You’ve heard it said that classics never go out of style, and it’s true—even in the case of an emergency kit!

With hurricane season upon us, it’s important to have an emergency kit ready. Things like canned goods and water, a can opener, candles, and first aid supplies may come to mind. While those things are definitely part of any well-put-together emergency kit, you may be forgetting about other important items.

With information almost constantly available at our fingertips via our cellphones, some important items can be easily overlooked. “I won’t need that; I have it on my phone,” may be what some people are thinking in our modern world of convenience. But if the power goes out for an extended amount of time, you might run the risk of your cell phone dying—even after utilizing back up cellphone batteries or portable chargers.

There are some things that are oldies but goodies you should always stock in your emergency kits. Here’s a list of such items:

Flashlights and spare batteries

Many people have become accustom to using their phone flashlight. Make sure you have at least one traditional flash light and extra batteries for it on hand.

Camera (battery-powered digital or disposable)

If you can’t snap pictures with your phone, you’ll want to have some sort of camera on hand to take shots or damages that may be needed for insurance claims. Be sure to have extra batteries on hand for battery-powered cameras.

Battery-powered or hand-crank weather radio

Even if your phone isn’t dead, you may not have cell service during or following a disaster or weather emergency. A radio will keep you updated on area news and weather conditions. Have extra batteries on hand for this, too.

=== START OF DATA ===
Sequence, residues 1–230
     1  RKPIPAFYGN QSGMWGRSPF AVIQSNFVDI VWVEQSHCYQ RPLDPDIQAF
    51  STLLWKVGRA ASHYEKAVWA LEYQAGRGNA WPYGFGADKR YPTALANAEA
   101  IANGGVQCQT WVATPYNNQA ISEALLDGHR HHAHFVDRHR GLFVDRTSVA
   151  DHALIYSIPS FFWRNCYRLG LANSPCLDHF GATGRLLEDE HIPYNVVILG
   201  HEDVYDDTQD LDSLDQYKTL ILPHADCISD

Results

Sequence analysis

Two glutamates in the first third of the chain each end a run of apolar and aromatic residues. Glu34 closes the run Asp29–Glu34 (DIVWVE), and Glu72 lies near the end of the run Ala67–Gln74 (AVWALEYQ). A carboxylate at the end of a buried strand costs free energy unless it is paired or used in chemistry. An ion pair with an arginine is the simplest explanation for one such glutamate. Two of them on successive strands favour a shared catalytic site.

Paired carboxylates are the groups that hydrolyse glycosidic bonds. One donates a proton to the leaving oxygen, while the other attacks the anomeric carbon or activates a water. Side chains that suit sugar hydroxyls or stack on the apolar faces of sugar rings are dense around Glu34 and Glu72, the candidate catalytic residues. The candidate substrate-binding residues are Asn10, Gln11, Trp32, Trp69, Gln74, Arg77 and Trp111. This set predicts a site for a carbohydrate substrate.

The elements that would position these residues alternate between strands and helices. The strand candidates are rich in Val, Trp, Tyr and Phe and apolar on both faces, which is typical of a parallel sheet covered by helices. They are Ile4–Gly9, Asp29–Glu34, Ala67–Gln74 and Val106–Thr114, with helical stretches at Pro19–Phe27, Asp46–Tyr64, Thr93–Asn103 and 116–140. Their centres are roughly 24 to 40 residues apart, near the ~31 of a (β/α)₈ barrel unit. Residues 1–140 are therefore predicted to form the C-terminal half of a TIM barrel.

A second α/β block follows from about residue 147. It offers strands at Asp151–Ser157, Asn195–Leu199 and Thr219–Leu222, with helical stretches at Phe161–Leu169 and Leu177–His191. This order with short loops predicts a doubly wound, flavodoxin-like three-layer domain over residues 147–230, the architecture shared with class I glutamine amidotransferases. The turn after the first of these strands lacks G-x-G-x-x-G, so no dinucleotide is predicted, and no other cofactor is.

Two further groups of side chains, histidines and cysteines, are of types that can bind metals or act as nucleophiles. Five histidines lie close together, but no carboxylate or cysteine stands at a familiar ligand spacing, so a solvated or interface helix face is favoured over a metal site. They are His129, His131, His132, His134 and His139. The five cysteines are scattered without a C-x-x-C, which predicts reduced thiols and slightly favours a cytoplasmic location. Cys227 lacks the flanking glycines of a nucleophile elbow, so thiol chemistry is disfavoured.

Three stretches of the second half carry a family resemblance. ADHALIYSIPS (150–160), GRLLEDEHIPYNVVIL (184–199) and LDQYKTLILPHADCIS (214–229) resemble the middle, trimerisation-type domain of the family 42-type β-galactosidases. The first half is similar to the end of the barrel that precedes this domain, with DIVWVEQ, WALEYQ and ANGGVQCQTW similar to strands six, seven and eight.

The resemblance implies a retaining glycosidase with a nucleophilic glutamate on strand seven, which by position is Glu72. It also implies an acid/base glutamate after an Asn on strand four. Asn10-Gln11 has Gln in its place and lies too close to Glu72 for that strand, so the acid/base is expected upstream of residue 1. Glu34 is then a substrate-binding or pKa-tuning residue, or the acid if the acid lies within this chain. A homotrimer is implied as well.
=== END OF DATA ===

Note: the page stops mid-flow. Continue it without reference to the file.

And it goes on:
Phone numbers

If you can’t access contact in your phone, you’ll need a listing of numbers to call from a land line. Local emergency services, power and utility providers, insurance companies, family, friends and work phone numbers are examples of contacts to include.

Paper documents

Keep copies of insurance policies, bank account numbers, medical records, social security cards and other important documents in a water-proof container. You’ll be able to access them quickly and easily if needed.


If ATMs or stores’ card readers are out of service, you’ll be glad to have some cash on hand.

It’s also a good idea everyone old enough in the family knows exactly where these items are, how to use them and how to change the batteries. There’s a good chance some adolescent and teen-aged members of your family have never even seen a battery powered radio or camera—a thought that might make a few of us feel as “classic” as some of the items on our list.


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